In Parallels and Paradoxes, a 2002 book of conversations between Daniel Barenboim and Edward Said, Barenboim presents his vision of music history as a continuum, with each major composer linked to the others in a constant flow of experimentation and expansion. This view doesn't have a lot of traction among American composers, who don't feel history's tug so strongly, but it's still powerful in Europe. Barenboim brings this idea of perpetual development to any work he performs, and especially to Beethoven's. This weekend he and the CSO begin a series of four different programs, also called "Parallels and Paradoxes," in which they'll examine the connections between Beethoven and his fellow radical Schoenberg. The first installment is the blockbuster, featuring bass-baritone Robert Holl in Beethoven's Ninth Symphony and Schoenberg's A Survivor From Warsaw, scored for narrator, men's chorus, and orchestra. Holl's voice has grown since he recorded the Beethoven for Teldec in 1991, and he gave a thrilling performance in Berlioz's Romeo et Juliette with Boulez in December. The unifying thread in this program is monumentality, the use of massed forces to state universal truths, but the contrast between the works is just as overwhelming: the Schoenberg, in which a dazed narrator tells of being beaten by German soldiers in the Warsaw ghetto, becomes a harrowing commentary on Beethoven's glorious prediction of reconciliation among all humanity. Thursday through Saturday, February 5 through 7, 8 PM, and Tuesday, February 10, 7:30 PM, Orchestra Hall, Symphony Center, 220 S. Michigan; 312-294-3000.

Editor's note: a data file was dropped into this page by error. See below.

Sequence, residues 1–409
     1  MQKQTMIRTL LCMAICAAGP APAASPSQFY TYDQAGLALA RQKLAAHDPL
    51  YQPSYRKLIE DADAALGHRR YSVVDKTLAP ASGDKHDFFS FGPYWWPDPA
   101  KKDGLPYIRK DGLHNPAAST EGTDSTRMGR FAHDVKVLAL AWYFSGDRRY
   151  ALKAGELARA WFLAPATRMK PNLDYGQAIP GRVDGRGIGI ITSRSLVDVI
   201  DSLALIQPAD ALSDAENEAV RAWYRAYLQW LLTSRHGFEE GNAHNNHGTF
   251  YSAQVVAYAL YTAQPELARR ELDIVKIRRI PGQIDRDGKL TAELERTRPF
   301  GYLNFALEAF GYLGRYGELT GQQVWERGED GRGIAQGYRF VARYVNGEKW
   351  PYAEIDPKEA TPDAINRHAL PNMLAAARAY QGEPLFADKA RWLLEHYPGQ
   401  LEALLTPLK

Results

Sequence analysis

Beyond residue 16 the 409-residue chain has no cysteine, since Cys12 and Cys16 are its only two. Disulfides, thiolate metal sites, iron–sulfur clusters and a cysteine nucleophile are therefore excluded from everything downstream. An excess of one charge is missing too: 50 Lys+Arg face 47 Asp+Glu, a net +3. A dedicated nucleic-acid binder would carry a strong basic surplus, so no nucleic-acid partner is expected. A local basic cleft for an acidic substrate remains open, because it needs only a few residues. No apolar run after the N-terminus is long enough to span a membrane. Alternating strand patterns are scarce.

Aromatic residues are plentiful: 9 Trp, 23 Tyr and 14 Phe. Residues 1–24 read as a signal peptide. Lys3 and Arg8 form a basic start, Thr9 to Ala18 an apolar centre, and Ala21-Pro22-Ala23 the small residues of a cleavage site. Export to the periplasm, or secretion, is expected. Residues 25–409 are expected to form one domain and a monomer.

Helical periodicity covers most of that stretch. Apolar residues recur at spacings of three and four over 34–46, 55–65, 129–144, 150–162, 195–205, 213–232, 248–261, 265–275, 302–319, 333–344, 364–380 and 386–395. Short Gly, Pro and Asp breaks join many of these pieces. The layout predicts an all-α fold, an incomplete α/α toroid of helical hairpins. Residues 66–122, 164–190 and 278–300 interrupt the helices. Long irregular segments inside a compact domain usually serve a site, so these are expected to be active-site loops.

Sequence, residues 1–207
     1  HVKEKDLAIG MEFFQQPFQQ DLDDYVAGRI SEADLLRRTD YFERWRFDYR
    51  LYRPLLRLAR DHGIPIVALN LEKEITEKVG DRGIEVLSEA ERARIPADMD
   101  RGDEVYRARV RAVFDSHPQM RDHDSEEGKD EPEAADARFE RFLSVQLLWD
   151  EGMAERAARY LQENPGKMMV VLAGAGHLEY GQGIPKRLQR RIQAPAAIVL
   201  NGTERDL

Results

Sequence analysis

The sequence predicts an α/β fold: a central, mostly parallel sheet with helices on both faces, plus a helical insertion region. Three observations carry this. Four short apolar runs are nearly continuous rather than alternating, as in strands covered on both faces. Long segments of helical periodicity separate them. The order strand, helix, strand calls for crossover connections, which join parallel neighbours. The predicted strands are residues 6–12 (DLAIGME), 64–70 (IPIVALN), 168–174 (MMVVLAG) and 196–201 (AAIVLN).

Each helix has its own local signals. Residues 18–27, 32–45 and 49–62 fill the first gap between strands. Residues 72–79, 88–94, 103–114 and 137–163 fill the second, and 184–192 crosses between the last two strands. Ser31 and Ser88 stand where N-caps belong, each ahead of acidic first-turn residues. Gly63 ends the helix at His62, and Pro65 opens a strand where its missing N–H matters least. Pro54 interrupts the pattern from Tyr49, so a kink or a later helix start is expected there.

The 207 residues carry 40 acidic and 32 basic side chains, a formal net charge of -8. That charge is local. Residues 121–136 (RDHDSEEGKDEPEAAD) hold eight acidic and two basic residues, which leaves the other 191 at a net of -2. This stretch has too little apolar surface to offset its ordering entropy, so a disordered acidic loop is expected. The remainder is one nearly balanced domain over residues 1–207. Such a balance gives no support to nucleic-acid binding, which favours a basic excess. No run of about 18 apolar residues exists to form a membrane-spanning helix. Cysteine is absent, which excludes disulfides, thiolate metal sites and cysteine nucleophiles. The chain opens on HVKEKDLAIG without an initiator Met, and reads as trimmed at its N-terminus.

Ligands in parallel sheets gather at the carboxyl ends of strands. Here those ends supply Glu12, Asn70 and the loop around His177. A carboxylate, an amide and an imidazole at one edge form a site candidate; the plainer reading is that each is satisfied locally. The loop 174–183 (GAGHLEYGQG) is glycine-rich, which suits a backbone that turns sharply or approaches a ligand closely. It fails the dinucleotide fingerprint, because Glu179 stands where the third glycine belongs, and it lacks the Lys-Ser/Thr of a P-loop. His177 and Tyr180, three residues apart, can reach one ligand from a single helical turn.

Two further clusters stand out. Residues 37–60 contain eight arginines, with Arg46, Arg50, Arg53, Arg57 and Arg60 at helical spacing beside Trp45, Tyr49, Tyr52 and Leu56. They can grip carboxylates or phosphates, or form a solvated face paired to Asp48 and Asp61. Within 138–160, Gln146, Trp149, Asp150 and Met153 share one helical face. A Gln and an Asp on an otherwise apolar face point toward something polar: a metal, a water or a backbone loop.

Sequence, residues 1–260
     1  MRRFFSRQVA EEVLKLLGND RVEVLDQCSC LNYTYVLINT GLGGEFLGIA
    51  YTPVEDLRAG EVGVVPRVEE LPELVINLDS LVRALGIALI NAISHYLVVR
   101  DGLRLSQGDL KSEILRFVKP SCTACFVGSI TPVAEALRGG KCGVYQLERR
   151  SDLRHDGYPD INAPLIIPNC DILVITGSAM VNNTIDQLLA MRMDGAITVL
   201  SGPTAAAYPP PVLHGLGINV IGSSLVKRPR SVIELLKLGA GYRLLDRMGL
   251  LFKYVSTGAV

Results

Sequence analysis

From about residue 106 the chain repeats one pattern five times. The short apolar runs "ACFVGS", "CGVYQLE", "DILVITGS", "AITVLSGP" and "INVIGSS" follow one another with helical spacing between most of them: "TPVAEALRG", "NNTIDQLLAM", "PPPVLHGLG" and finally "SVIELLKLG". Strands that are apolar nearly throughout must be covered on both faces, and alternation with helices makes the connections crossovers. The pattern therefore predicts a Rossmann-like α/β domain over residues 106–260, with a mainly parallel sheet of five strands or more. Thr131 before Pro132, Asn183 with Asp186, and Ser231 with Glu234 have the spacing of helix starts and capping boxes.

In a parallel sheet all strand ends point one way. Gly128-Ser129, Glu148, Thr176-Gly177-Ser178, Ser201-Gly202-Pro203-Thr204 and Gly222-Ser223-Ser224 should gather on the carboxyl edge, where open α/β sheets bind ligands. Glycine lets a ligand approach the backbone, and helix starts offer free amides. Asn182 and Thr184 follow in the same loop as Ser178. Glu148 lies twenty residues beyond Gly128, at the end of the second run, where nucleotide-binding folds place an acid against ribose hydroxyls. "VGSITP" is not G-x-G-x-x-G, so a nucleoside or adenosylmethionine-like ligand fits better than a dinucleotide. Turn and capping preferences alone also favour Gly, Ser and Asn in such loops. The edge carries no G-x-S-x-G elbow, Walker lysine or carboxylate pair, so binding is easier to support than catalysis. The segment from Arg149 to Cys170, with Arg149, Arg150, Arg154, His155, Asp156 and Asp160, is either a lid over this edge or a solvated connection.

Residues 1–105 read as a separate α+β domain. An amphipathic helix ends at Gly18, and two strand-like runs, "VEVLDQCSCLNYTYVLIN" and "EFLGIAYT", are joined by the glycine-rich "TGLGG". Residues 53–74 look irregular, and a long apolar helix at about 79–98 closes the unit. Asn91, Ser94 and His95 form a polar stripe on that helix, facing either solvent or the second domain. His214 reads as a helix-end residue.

Art accompanying story in printed newspaper (not available in this archive): photo/Jim Steere.